It is challenging and often heart breaking work to care for these children and the staff at the Pingliang SWI appears to be kind and dedicated. They have to be. Some of the babies and young children appeared to be good candidates for China’s waiting child program for special needs children, but others have issues that are probably too severe.
Less than a month after the earthquake there are few signs of serious damage in the city overall, even though about 10 people were killed by the quake in Pingliang. Along Highway 312 north of Pingliang and the southern tip of Ningxia Province toward Lanzhou, Chen and I had seen homes with blue tarps fastened over damaged rooftops and Army tents used in some areas as temporary shelter. South of Pingliang toward Jingchuan and closer to the southern part of Gansu Province where the earthquake was most devastating we saw more obvious signs of continuing relief efforts, mostly trucks laden with emergency supplies heading further south, and uprooted families on the move and headed in the other direction, their small vehicles piled with their salvaged belongings.
In Pingliang the worst damages were to older, rickety brick structures and most of the newer, more modern buildings came through okay. Heavily damaged or collapsed buildings have already been demolished. At the orphanage they are concerned about cracks in the walls of both the main building and the lower, older one-story brick building behind it that houses many of the youngest children. I sensed that the buildings may still be structurally sound but officials there are somewhat spooked and cautious in this because a large one-story structure directly in front of the main building completely collapsed.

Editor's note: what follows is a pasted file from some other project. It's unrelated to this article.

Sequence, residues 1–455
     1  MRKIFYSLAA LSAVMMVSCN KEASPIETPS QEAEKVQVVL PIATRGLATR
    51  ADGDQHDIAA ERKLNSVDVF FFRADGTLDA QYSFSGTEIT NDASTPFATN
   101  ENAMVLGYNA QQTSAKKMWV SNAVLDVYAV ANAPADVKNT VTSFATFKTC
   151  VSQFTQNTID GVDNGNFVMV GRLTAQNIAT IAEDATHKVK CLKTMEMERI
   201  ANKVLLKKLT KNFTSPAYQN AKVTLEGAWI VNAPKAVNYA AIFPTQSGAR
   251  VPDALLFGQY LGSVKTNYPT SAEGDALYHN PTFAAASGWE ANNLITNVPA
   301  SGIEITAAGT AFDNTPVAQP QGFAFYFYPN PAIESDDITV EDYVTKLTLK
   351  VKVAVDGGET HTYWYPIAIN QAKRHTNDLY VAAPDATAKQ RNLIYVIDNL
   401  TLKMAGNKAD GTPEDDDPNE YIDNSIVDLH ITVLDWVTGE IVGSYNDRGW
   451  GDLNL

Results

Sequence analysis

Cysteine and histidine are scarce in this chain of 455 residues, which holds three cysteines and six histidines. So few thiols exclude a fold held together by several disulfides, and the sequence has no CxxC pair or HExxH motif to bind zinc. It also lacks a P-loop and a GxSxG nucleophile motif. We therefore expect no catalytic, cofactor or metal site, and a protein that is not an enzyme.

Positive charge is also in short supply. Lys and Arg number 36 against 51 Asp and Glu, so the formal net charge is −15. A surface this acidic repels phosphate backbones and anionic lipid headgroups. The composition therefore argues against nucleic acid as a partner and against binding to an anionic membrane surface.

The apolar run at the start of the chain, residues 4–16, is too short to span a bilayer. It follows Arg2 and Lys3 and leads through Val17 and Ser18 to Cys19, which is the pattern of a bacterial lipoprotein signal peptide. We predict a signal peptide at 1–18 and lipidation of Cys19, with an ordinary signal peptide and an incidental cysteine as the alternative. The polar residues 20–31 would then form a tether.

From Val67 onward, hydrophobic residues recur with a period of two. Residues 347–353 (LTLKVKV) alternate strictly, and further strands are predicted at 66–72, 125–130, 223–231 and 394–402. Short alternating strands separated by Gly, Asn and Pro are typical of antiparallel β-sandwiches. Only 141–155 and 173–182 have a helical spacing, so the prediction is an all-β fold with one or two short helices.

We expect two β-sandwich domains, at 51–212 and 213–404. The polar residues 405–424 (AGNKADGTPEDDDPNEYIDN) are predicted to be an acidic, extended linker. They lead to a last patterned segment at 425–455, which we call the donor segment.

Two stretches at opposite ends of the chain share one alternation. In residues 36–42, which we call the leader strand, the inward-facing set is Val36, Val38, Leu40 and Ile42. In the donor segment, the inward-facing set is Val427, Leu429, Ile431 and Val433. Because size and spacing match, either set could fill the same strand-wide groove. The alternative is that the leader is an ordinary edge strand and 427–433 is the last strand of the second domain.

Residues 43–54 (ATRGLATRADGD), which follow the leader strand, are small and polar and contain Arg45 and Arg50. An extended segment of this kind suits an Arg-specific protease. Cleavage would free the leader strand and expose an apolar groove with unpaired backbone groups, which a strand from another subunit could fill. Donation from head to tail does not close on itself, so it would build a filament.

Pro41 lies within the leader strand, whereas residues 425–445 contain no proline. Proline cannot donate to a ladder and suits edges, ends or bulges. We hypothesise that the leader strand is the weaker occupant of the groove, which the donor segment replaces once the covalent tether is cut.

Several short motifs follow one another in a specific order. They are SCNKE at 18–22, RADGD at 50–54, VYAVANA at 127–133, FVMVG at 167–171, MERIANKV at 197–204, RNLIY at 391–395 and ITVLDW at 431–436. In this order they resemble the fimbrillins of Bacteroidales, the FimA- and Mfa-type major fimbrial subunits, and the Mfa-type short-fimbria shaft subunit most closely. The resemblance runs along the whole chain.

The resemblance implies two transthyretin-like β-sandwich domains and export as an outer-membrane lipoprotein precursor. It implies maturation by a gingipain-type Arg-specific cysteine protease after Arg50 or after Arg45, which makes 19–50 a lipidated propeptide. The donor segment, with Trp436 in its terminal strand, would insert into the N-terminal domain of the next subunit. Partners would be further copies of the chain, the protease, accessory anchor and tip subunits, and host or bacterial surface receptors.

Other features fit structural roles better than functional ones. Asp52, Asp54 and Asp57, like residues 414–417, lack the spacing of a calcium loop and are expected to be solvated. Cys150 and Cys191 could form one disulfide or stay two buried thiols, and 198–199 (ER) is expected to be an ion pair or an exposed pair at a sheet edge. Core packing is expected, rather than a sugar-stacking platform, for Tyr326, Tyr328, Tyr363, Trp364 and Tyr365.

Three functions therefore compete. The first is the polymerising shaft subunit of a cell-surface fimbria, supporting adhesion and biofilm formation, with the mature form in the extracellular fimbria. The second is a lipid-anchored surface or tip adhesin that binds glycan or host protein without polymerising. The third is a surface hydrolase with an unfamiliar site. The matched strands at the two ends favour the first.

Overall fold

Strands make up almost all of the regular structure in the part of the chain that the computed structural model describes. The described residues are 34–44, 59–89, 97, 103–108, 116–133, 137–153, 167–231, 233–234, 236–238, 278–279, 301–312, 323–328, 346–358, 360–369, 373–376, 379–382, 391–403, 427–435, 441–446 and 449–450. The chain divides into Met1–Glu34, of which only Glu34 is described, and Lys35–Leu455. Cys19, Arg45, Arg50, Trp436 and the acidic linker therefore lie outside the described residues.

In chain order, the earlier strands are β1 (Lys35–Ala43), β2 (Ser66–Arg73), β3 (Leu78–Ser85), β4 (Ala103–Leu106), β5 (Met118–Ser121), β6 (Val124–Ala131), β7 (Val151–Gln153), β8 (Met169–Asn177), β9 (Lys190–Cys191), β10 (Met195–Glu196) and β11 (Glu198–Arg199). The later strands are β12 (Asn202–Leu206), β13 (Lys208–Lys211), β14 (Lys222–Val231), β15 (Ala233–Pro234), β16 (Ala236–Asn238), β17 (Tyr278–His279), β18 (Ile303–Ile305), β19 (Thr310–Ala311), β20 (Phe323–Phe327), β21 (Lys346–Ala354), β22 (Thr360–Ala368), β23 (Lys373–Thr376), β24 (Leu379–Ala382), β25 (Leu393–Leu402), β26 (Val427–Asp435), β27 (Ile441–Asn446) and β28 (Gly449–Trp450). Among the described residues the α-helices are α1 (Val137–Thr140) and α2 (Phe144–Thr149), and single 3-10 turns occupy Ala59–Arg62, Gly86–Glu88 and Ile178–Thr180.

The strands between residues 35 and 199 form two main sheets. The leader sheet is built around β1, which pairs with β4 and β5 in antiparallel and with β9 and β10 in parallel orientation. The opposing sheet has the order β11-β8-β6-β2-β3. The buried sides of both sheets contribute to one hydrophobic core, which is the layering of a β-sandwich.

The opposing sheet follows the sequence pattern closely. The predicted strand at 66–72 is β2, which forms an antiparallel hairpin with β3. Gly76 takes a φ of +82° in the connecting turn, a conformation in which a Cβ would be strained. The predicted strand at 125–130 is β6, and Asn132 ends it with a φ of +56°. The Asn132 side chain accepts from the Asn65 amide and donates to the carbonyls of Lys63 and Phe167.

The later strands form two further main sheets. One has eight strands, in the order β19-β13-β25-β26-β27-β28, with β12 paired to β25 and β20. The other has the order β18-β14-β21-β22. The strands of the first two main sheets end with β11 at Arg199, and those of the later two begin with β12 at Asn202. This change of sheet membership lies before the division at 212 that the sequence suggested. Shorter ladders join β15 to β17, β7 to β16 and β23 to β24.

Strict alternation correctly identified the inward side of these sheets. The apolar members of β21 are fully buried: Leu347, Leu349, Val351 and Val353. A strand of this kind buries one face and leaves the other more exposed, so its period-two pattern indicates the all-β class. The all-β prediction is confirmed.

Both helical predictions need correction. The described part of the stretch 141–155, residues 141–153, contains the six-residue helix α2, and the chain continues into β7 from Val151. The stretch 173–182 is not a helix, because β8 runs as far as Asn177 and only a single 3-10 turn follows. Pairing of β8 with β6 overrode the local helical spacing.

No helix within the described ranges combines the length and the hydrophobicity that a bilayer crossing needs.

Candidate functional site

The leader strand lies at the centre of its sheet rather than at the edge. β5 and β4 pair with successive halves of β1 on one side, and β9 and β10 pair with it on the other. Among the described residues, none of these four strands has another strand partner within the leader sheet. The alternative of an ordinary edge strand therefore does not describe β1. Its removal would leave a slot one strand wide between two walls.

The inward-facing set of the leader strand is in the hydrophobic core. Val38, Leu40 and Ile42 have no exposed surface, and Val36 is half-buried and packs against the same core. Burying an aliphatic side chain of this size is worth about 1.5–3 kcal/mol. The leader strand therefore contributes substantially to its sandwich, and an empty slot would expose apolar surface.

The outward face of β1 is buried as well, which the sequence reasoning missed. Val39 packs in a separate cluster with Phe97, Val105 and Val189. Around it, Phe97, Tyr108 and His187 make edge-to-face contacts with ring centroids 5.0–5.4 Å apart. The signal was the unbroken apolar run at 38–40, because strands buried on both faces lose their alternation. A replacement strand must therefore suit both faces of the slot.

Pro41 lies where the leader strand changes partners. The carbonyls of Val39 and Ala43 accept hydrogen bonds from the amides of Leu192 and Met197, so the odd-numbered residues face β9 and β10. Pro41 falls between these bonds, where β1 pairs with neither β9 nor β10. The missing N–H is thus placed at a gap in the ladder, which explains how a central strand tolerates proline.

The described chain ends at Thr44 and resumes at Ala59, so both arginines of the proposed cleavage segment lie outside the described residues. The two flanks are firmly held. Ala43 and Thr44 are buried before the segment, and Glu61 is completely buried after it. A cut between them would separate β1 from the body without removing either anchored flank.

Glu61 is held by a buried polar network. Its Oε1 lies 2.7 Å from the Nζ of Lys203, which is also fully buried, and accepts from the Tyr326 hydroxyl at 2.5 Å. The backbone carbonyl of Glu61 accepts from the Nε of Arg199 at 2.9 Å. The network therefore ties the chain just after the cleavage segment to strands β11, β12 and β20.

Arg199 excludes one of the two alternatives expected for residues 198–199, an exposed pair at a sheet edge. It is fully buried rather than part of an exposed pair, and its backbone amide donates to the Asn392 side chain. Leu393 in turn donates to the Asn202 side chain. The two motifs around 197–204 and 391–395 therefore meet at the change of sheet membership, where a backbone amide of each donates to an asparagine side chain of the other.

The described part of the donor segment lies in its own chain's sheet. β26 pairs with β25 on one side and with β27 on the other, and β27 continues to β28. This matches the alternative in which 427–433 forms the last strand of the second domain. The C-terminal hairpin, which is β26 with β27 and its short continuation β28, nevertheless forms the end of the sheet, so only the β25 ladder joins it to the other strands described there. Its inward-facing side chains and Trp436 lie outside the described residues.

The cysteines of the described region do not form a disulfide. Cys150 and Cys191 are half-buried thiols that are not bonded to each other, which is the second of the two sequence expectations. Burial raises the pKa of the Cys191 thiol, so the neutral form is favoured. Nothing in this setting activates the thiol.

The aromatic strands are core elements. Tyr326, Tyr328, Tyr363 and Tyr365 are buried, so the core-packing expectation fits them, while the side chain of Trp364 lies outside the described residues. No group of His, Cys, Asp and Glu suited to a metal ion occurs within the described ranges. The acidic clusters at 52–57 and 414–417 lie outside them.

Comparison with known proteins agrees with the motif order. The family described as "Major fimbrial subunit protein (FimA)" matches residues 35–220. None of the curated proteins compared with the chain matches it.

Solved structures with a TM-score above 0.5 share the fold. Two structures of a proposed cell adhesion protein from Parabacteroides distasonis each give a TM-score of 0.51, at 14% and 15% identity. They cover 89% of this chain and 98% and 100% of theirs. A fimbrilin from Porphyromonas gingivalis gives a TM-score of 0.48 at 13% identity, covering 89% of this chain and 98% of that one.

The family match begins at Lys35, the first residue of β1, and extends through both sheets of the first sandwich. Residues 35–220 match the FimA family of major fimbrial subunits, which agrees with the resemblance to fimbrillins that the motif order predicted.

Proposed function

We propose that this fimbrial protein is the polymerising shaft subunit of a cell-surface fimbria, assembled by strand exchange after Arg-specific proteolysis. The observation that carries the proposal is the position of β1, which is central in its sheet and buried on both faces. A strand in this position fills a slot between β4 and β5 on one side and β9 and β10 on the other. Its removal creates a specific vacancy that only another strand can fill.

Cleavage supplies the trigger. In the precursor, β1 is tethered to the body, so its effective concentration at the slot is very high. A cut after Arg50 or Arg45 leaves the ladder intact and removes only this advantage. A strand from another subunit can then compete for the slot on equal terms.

Construction of a new orphanage and social welfare complex on a different site in Pingliang is apparently set to begin relatively soon. In the meantime the staff is waiting for engineers from the provincial Earthquake Bureau to come by and carefully check out the structural integrity of their buildings. The children are cared for in their regular rooms during the day but still sleep in the tents at night, as a safety precaution.
Because the random nature of the damages in Pingliang left many of its stores unharmed and business in the city only briefly interrupted, Chen and I did not have to carry many supplies from Lanzhou and instead we arranged in advance to present during our visit a sizable monetary donation to Yang Xialin, the orphanage director, with instructions to use it where it will be immediately needed most. This should not be a problem since the orphanage needs a lot. After this donation is quickly used up on general supplies, the orphanage is next most in need of a heart rhythm monitor, and clothes and shoes for the older children.
Note to Pingliang families: these clothes and shoes can be provided through Love Without Boundaries like we did with clothes and blankets for the younger children and LWB may be able to check in advance on sizes needed.
Also, we learned some hard lessons in Hunan Province about being careful in extending our trust to orphanage officials but for making responsible use of our donations I trust Mrs. Yang. She is a remarkable woman.